I have also noticed that I am spending much less time shopping. Which is fantastic because, honestly, I hate shopping. I have always hated shopping, which I used to feel guilty about admitting. I mean, what American woman does not like to shop, after all? Well, THIS one! I am learning to identify “needs” from “wants.” Even I used to hear the siren song of the sale rack of cute dresses at the mall and the lure of the “25% off” online sale. I can’t tell you how freeing it is to walk into my favorite big-box store and purchase only the 2 items that were on my list – no more losing track of time wandering the aisles gazing at all of the stuff I just don’t need! Likewise with the time I spend online (how refreshing to not waste time browsing online retailers and instead work on high-priority tasks on my list).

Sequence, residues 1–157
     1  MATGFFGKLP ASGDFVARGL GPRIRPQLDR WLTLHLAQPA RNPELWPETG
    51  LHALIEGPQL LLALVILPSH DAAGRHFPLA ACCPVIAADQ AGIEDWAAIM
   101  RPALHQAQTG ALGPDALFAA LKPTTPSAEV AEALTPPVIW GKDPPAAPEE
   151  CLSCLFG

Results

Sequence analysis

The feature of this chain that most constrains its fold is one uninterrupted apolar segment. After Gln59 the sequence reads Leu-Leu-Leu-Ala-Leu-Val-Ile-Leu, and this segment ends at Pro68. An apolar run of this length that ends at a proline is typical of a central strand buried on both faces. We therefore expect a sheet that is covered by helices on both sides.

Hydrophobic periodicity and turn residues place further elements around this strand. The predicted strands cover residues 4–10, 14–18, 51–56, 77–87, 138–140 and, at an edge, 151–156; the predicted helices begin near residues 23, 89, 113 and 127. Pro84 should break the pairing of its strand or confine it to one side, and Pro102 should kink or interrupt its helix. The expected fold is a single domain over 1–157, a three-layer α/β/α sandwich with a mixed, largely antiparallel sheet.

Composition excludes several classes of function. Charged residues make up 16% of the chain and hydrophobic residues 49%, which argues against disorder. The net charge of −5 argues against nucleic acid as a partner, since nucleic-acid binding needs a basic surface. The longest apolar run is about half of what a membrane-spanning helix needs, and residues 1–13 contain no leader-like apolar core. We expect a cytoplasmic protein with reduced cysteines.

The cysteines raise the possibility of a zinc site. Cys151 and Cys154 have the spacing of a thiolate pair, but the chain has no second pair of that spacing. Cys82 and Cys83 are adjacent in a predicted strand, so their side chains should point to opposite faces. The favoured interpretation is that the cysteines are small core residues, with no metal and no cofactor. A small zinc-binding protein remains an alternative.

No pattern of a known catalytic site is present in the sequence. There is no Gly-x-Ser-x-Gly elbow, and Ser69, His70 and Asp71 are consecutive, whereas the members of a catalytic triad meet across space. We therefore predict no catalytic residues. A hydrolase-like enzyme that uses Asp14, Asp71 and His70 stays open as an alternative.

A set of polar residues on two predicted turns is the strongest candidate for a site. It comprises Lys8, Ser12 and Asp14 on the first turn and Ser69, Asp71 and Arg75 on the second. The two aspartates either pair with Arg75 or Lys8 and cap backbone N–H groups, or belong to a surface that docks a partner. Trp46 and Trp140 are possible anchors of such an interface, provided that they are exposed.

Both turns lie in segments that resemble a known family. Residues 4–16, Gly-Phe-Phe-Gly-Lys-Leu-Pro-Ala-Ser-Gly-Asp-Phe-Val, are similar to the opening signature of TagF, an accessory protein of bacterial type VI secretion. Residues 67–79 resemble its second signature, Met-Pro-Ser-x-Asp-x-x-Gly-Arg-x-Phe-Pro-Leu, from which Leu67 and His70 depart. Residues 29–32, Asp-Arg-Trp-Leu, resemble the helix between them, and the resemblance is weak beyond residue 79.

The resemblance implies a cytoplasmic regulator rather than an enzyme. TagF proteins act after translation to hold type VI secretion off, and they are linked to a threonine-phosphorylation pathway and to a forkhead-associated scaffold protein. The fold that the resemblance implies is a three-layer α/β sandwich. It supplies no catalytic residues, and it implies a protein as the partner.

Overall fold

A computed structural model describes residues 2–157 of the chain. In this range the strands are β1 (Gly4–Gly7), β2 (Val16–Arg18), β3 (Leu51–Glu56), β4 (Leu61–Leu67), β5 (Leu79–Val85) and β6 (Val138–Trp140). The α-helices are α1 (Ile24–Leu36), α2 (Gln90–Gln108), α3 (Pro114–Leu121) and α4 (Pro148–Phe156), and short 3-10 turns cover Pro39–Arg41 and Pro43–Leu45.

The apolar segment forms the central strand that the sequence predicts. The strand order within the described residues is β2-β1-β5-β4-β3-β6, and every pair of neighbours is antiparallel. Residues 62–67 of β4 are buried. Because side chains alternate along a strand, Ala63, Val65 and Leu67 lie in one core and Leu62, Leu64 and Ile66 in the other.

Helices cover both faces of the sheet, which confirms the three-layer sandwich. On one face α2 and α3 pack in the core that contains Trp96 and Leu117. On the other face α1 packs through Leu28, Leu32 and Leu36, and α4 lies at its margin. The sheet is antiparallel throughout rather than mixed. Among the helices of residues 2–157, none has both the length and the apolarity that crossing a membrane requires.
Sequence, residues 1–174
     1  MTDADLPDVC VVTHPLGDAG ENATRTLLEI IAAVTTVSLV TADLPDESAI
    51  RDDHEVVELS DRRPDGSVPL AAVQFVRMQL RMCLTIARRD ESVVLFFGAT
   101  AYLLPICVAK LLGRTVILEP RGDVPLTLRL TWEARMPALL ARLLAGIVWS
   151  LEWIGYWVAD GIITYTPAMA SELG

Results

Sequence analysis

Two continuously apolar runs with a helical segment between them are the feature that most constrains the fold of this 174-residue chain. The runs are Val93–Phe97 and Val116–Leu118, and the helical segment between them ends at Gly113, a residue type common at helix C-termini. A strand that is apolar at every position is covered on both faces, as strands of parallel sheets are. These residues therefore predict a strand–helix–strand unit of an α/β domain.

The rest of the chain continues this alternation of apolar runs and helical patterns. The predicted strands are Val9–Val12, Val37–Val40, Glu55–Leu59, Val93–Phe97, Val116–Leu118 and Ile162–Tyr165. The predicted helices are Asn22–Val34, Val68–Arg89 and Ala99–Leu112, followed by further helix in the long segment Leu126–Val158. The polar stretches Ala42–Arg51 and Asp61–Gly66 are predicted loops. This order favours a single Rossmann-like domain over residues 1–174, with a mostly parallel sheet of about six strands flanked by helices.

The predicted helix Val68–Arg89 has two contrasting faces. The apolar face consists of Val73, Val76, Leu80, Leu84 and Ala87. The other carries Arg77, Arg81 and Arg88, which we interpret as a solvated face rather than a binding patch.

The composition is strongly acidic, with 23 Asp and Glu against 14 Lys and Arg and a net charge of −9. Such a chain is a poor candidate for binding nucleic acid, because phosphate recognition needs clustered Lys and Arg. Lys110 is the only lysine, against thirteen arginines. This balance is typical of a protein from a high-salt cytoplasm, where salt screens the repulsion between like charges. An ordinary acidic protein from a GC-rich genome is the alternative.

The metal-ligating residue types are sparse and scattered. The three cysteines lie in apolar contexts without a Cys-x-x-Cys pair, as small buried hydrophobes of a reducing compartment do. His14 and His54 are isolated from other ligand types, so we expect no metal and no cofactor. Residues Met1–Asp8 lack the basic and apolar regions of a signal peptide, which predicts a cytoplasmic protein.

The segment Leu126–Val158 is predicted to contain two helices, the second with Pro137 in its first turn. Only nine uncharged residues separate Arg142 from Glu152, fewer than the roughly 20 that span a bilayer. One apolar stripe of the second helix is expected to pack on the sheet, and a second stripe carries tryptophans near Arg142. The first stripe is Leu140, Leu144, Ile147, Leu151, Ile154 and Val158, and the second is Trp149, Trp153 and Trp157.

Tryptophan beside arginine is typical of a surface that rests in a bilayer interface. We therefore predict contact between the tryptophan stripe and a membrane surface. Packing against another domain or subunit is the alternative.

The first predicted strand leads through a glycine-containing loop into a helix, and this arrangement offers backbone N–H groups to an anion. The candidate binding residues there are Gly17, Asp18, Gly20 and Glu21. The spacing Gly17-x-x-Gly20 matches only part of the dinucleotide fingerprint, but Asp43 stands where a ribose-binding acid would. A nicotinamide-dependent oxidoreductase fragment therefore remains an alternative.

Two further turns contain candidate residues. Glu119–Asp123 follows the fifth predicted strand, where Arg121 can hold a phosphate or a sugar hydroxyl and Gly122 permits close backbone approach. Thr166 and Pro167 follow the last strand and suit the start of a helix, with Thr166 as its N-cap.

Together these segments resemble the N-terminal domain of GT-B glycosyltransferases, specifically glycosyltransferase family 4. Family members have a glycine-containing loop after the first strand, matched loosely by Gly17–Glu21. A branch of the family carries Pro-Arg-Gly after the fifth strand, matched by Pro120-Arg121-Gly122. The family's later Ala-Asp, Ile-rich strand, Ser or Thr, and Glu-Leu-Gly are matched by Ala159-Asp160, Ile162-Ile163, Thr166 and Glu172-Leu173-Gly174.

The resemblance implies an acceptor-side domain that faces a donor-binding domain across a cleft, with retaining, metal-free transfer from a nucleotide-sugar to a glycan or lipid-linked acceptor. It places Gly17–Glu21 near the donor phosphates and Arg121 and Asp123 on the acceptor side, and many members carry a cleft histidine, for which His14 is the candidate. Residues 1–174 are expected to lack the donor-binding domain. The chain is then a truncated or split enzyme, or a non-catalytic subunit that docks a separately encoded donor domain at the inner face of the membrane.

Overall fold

One more bonus in my “win” column: I am throwing away or donating my unwanted stuff like crazy! For each new item I bring into my life, I am getting rid of 3-4 things on average. Plus, it is getting much, much easier to get rid of the old stuff. I can’t believe I have been filling my life with so much junk all of these years. I guess it’s never too late to learn how to embrace simplicity.

Minimalist wardrobe revisited

Aahhh, the beginning of April! Time for spring and time to refresh my closet with my April-June “capsule” wardrobe (go to http://theproject333.com/ for more information).

What I learned in my first round of The Project 333 is that I actually need two capsule wardrobes – one suitable for a professional office and one for home. My clothes for these two purposes are vastly different, and I’ve found there is no way to mash all of them into one 33-item list. For example, I have 2 ball caps which I wear all the time around home (why two? one is for yard work – blech – and the other one is for everything else), and there is no way these ball caps could be re-purposed for work. This is not to say that my clothes for home are sloppy or not presentable; on the contrary, most of them are perfectly fine for buzzing around town doing errands. Yet they are not appropriate for work, so there can be very little overlap between the two wardrobes.